Utility: Batch script
VSTS | TFS 2018 | TFS 2017 | TFS 2015
Run a Windows .bat or .cmd script and optionally allow it to change the environment.
Specify the path to the .bat or .cmd script you want to run. The path must be a fully qualified path or a valid path relative to the default working directory.
In Team Foundation Build, this directory is $(Build.SourcesDirectory).
|Arguments||Specify arguments to pass to the script.|
|Modify environment||Select this check box if you want environment variable modifications in the script to affect subsequent tasks.||Advanced|
|Working folder||Specify the working directory in which you want to run the script. If you leave it empty, the working directory is the folder where the script is located.|
|Fail on standard error||Select this check box if you want the build to fail if errors are written to the StandardError stream.|
test.bat at the root of your repo:
@echo off echo Hello World from %AGENT_NAME%. echo My ID is %AGENT_ID%. echo AGENT_WORKFOLDER contents: @dir %AGENT_WORKFOLDER% echo AGENT_BUILDDIRECTORY contents: @dir %AGENT_BUILDDIRECTORY% echo BUILD_SOURCESDIRECTORY contents: @dir %BUILD_SOURCESDIRECTORY% echo Over and out.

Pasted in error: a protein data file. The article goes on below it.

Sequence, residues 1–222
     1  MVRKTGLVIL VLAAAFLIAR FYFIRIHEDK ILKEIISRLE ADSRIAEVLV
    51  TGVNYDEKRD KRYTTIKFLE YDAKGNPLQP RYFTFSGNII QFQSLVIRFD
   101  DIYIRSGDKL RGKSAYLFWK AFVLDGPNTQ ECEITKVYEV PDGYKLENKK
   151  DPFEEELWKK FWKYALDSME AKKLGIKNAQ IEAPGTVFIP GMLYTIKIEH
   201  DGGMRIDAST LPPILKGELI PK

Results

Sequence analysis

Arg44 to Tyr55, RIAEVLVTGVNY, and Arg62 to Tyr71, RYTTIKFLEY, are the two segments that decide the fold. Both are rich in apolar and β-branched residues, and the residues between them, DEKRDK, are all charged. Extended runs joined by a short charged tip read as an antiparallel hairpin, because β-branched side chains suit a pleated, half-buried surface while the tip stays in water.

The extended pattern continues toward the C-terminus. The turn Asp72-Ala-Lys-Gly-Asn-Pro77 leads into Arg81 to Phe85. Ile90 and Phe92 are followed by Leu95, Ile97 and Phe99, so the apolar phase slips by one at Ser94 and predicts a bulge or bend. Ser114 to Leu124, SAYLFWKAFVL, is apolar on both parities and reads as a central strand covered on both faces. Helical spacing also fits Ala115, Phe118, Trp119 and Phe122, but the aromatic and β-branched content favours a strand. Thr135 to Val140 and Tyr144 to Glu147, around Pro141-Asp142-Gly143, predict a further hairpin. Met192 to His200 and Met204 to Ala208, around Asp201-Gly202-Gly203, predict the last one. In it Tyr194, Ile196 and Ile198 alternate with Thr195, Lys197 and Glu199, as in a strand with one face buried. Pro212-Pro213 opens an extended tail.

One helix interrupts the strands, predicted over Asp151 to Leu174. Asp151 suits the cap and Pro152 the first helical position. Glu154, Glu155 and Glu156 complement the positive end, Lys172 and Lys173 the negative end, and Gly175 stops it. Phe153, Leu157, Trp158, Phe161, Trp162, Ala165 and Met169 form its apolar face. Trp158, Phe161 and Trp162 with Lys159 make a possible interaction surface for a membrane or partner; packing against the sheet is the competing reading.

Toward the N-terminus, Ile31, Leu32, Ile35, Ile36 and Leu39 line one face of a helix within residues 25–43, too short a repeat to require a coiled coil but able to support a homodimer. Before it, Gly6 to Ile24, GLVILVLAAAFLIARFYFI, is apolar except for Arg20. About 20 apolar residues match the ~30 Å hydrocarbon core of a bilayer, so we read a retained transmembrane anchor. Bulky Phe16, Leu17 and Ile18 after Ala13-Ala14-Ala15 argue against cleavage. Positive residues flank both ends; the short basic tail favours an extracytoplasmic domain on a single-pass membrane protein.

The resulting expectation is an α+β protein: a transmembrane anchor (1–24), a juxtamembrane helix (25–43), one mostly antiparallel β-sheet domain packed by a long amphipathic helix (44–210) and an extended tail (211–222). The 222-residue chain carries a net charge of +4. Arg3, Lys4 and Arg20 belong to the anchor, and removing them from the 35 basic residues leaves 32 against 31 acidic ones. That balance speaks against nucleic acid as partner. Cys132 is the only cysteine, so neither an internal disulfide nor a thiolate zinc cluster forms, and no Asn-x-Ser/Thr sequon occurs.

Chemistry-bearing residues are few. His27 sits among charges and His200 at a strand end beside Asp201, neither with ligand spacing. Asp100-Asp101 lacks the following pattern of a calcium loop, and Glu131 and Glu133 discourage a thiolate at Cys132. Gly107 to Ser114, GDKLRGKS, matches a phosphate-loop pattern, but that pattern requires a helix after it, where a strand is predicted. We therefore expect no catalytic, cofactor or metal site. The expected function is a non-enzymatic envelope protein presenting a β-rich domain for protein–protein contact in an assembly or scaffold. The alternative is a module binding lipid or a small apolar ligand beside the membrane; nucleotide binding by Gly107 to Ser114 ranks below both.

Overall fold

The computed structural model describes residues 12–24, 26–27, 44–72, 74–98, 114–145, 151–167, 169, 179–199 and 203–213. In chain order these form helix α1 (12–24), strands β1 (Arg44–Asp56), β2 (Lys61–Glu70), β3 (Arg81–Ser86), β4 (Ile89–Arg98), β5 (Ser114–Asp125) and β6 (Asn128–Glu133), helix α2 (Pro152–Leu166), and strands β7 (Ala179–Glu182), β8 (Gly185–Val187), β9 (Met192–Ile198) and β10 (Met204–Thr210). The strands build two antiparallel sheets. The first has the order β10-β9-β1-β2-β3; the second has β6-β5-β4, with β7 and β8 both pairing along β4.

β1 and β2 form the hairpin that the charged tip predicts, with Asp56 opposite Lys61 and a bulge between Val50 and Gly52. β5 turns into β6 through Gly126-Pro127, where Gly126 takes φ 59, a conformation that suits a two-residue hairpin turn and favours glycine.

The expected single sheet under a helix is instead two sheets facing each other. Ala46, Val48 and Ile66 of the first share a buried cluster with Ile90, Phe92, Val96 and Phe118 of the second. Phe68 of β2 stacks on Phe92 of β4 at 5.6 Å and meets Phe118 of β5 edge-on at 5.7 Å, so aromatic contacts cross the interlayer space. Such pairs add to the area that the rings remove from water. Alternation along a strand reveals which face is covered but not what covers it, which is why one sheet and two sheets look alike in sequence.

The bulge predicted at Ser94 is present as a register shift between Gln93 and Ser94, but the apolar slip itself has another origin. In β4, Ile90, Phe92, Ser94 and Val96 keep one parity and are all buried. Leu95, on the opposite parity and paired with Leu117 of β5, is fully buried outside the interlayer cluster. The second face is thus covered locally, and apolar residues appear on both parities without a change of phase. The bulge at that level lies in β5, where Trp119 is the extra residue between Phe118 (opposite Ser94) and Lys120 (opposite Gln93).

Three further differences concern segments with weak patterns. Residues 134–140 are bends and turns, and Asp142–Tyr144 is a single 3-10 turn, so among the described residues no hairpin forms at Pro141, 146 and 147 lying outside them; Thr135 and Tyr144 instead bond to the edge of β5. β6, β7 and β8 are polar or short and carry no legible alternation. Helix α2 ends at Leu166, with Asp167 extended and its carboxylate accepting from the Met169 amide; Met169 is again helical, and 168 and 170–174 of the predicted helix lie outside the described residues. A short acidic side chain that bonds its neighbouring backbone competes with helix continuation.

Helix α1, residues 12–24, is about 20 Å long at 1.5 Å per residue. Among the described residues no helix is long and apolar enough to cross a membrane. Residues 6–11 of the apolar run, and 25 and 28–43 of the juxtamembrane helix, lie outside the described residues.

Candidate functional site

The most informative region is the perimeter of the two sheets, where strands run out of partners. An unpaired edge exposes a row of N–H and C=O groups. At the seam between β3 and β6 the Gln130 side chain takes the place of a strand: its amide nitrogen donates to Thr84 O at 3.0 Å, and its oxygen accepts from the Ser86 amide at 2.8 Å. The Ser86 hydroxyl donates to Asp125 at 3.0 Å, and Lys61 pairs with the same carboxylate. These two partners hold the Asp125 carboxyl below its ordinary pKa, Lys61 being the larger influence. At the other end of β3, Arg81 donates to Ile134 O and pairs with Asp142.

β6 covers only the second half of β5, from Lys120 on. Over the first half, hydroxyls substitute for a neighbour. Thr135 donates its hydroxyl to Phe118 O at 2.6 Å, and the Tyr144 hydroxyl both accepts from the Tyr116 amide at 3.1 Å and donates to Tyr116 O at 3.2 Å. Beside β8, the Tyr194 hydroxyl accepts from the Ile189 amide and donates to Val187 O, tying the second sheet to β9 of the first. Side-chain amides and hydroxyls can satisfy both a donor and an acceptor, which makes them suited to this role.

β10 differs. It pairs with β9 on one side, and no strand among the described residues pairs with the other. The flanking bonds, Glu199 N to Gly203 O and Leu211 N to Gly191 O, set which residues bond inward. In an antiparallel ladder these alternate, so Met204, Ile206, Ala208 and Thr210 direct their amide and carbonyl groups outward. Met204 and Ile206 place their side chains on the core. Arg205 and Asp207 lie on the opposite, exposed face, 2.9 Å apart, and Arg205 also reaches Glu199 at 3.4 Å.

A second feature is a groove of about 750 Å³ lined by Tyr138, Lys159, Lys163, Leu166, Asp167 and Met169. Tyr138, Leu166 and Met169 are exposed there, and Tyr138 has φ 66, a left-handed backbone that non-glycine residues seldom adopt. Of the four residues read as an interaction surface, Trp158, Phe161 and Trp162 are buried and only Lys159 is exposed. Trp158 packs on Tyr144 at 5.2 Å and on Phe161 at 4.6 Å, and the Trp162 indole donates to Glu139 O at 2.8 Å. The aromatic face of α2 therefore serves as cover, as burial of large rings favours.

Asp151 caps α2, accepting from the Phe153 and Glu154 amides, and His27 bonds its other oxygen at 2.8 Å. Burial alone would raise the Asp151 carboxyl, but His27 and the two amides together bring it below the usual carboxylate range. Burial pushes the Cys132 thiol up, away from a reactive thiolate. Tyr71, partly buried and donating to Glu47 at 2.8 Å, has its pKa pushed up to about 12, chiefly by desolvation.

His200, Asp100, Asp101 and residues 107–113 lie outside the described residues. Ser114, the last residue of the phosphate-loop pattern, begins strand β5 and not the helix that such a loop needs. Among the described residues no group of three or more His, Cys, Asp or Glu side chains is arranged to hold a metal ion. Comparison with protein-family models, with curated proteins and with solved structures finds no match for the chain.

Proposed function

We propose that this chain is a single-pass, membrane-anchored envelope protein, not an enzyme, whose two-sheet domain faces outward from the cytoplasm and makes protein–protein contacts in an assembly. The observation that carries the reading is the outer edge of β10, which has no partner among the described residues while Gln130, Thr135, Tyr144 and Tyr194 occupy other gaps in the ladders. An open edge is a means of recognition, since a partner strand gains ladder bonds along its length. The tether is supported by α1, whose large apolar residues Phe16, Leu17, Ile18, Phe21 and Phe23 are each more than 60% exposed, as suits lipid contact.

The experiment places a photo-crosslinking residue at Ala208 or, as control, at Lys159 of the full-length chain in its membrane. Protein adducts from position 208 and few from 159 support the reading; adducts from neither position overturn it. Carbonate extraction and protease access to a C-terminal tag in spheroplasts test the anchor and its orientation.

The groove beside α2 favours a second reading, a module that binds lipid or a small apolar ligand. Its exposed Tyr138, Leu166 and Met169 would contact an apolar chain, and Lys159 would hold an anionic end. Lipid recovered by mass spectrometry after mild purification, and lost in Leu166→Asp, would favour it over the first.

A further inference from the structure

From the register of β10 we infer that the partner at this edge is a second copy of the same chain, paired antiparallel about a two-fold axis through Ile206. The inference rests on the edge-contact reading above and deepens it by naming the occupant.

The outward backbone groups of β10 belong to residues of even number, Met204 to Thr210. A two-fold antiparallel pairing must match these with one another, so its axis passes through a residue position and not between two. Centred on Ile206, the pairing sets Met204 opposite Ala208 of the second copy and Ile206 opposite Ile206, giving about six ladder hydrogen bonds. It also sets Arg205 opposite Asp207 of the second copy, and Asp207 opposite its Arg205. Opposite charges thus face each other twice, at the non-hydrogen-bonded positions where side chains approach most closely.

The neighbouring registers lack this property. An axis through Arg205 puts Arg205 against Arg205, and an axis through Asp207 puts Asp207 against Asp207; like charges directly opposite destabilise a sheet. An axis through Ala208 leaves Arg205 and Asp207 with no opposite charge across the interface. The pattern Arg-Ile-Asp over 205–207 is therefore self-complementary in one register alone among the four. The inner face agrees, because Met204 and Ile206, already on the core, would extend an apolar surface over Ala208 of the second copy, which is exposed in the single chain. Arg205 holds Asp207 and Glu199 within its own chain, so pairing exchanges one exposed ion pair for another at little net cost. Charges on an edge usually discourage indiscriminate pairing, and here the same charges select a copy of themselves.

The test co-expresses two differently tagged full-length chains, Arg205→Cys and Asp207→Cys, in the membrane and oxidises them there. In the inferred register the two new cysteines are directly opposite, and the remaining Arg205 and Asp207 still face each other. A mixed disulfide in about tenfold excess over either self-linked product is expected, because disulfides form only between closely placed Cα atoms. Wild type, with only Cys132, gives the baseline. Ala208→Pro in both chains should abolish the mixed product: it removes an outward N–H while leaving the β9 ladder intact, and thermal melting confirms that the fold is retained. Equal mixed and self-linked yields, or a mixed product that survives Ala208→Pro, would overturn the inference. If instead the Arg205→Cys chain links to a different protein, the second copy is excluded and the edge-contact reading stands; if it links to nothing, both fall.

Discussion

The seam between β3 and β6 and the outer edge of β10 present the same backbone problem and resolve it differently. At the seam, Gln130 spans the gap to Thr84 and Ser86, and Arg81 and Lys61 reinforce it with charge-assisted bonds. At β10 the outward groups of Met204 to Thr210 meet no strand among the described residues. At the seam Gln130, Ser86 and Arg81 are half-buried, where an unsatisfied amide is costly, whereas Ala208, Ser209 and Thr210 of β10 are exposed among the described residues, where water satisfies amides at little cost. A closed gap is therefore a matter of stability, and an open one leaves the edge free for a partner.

On the Build tab of a build definition, add this step:
Utility: Batch Script
Where can I learn about batch files?
Where can I learn Windows commands?
How do I set a variable so that it can be read by subsequent scripts and tasks?
Q: I'm having problems. How can I troubleshoot them?
A: Try this:
On the variables tab, add
system.debugand set it to
true. Select to allow at queue time.
In the explorer tab, view your completed build and click the build step to view its output.
The control options arguments described above can also be useful when you're trying to isolate a problem.
Q: How do variables work? What variables are available for me to use in the arguments?
$(Agent.BuildDirectory) are just a few of the variables you can use. See Variables.
Do I need an agent?
You need at least one agent to run your build or release. Get an agent.